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Ethel Hagans is a dental hygienist first, and then, the author of the book Extraordinary Dental Care. She is obsessed with motivating hygienists to raising their level of care, in order to woo their patients into patterns of great oral hygiene. Her motto: “In the end our main goal is to make sure their teeth outlast them!”
Being happy in your workplace is crucial to providing great care.
In the wonderful world of dental hygiene, you may be blessed with just one excellent job or many throughout the years of your career. And although it is never easy moving on to a new office, sometimes you may face no other choice. For instance, what if your doctor dies, or a new associate buys the practice and brings in his own staff? Both of these situations can turn your work life upside-down and lead to less than desirable results. So, if that happens, it matters that you know when to exit.
Sadly, in one of the offices I worked, my dentist died suddenly. He was one of the best I had ever worked with. I had gotten to know him well and adored his family for the seven years I was employed there. His dental work was impeccable; a true dental artist. However, his age, long hours and being a chain smoker did a number on his health. So, one day, he had a massive heart attack, and that changed my life in the dental world forever. He will never be forgotten. A few weeks after, however, the practice was sold and the new dentist brought in his own staff. Out of the original staff he had kept was one of the front desk staff members so patients would see a familiar face when they first walked in for an appointment with the new doctor. So, I was forced to exit in search of a new office.
When I finally found a new practice, I thought I could at the very least be content with it-I was wrong. Although the new dentist’s dental work was just as good as the practice from which I had left, he had a bad habit of flirting with patients and staff. I felt like I was back in high school. I knew this office was not the one for me or one I could spend years at providing great dental care. It had too many distractions. So, I quickly started looking for a change-an office that not only met the quality of care all patients deserve but also one that held high standards of both professionalism and integrity. Again, I made my exit.
My next office was a group practice with three dentists. Two were full-time and the other, a female dentist, worked part-time due to becoming a new mom and wanting to spend more time at home with her newborn. I thought I could work well alongside her because her schedule would be perfect for me, since I too had small children. Things went well around the office until, after a couple of months, one of the associate dentists’ wives lost her job at a large bank that was a major employer in the area. Not so far after being let go, she soon became the new office manager, and the chaos began. Her first move was aggressively clocking anyone whenever they were on breaks and changing the office hours to increase profits. Everything was counted as either time or money. Next, she changed the quality dental supplies we had been using to much cheaper ones that used an unreliable, overseas supplier; nothing was ever on time when we ordered it. For example, the propy paste was changed to pro butter. You know, the cheap kind that flies out at you and your patient! Not even the cleaning wipes were spared, and instead were replaced by disinfectant spray and cheap paper towels that would fall apart, meaning it took more time to clean the rooms between patients.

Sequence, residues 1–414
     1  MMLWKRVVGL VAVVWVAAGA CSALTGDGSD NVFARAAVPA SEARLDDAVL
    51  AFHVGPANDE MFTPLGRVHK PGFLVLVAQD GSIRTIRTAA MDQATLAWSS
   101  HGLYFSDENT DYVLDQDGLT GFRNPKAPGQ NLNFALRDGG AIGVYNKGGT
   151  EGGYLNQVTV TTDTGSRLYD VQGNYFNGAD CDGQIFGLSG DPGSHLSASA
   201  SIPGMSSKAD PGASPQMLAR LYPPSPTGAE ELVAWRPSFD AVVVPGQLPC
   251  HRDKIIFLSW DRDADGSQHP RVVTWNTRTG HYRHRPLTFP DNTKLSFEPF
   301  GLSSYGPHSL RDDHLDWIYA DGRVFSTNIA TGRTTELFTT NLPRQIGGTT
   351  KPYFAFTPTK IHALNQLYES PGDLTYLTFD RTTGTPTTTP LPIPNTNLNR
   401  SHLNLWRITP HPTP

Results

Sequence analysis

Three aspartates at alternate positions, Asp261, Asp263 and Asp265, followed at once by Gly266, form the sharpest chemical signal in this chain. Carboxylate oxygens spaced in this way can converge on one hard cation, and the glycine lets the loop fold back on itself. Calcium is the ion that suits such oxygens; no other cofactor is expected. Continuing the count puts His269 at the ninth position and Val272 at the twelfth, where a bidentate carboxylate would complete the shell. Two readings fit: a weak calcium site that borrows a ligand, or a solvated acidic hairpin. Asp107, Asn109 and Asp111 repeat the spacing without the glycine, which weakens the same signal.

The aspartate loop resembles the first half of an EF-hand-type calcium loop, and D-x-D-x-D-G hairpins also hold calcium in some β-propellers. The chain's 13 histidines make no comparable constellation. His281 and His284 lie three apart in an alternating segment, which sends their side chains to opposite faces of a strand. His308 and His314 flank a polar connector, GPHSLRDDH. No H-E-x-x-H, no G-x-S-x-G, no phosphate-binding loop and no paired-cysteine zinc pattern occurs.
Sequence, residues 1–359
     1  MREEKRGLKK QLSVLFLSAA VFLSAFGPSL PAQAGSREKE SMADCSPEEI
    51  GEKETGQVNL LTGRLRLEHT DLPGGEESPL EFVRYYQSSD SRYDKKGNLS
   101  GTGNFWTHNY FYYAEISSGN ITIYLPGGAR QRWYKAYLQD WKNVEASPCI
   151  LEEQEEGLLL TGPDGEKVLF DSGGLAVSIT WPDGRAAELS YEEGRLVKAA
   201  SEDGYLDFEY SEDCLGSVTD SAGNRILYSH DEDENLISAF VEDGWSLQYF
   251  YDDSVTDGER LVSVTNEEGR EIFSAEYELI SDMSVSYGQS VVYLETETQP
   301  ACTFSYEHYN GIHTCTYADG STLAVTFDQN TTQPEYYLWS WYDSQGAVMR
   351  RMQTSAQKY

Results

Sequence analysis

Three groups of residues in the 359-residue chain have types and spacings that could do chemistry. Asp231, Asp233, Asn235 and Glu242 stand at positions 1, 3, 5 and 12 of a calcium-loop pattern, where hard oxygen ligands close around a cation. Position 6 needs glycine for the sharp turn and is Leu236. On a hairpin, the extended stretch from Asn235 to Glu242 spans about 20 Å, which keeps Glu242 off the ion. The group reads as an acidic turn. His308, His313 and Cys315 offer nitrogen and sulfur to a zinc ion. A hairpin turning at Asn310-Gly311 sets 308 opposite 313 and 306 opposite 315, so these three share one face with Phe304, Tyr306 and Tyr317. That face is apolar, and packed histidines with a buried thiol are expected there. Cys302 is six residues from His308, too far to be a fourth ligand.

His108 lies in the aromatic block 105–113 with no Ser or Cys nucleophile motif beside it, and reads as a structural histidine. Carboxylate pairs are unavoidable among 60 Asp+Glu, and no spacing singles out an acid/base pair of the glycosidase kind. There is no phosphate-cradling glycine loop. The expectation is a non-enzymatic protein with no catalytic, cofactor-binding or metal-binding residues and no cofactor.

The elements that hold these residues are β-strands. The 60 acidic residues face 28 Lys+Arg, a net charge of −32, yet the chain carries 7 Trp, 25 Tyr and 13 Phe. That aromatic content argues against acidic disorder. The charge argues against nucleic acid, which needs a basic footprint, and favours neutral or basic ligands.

She even gave the morning huddle a new meaning, when she threatened to take our Goal Games away. They made us feel appreciated, when we had to work through lunch or work late during an emergency. The Goal Game was a game we played every Monday during our morning huddle, to celebrate the days we made our daily goals the week before. It would start by each of us drawing from a bag filled with ping-pong balls, labeled $5, $10 and $20. On the new office manager’s first day of the game, we had all earned three draws, since we had met our daily goal three times the week prior. There were five employees present, and one dental assistant drew $60 (three $20 balls). The office manager’s jaw dropped, and she gasped out in disbelief. That wasn’t the end of it, however, and we later heard her arguing with the dentist, her husband, about, “Why are we paying them a salary AND weekly bonuses too!” He told her that it’s because his staff works hard each day to increase profits, and that sometimes, it’s them that convinces the patient that they need the work we are recommending. He also stated that he really valued us and wanted to show it weekly, if possible. Luckily, this was convincing enough, and she agreed that the game was good for the staff and would continue. Fortunately, over time things improved, and this time I felt no need to make an exit.
Change will never stop happening, whether it’s the passing of a phenomenal dentist, a new associate coming on board or a micromanaging wife taking over daily operations. However, when unfavorable change is imminent, always be ready to make your move. As a hygienist, it is just as important that you are happy in your workplace as it is that you are giving platinum, quality dental care. There are plenty of great dental practices out there, and if you look hard enough, you can find the one that’s perfect for you. So just keep going and never give up!